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Hoffmann, R. A wiki for the life sciences where authorship matters. Nature Genetics (2008)
 
 
 
 
 

Rapid prenatal diagnosis of congenital Toxoplasma infection by using polymerase chain reaction and amniotic fluid.

Infection of pregnant women with Toxoplasma gondii places the developing fetus at risk for congenital infection. We report a prospective study of 43 documented cases of acute maternal Toxoplasma infections acquired during gestation in which the polymerase chain reaction (PCR) was evaluated for diagnosis of fetal infection and compared with the current standard methods. On the basis of direct lysis of pelleted amniotic fluid cells followed by amplification of a gene sequence specific for T. gondii, PCR correctly identified the presence of T. gondii in five of five samples of amniotic fluid from four proven cases of congenital infection. PCR also detected three of five positive cases from a nonprospective group. The two diagnostic methods of comparable speed, detection of specific immunoglobulin M from fetal blood and and inoculation of amniotic fluid into tissue culture, correctly identified only 3 and 4 of the 10 positive samples, respectively. The considerably more time-consuming methods of mouse inoculation of amniotic fluid and fetal blood both detected 7 of 10 positive samples. There were no false-positive diagnoses by any of the methods. Therefore, detection of T. gondii by PCR appears to be the most promising method for prenatal diagnosis of congenital Toxoplasma infection, since it is both extremely rapid and highly sensitive.[1]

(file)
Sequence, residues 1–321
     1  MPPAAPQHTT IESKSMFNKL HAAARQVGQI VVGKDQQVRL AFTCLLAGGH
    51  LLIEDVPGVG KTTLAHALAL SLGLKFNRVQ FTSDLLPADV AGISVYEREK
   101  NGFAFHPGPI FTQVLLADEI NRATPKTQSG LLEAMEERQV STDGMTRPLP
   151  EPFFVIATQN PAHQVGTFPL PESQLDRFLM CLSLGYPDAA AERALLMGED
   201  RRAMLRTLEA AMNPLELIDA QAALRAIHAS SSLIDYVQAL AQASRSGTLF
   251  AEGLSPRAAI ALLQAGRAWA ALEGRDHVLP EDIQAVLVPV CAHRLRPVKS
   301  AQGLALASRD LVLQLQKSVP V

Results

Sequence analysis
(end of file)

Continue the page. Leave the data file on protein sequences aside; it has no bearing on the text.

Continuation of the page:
References

  1. Rapid prenatal diagnosis of congenital Toxoplasma infection by using polymerase chain reaction and amniotic fluid. Grover, C.M., Thulliez, P., Remington, J.S., Boothroyd, J.C. J. Clin. Microbiol. (1990) [Pubmed]
 
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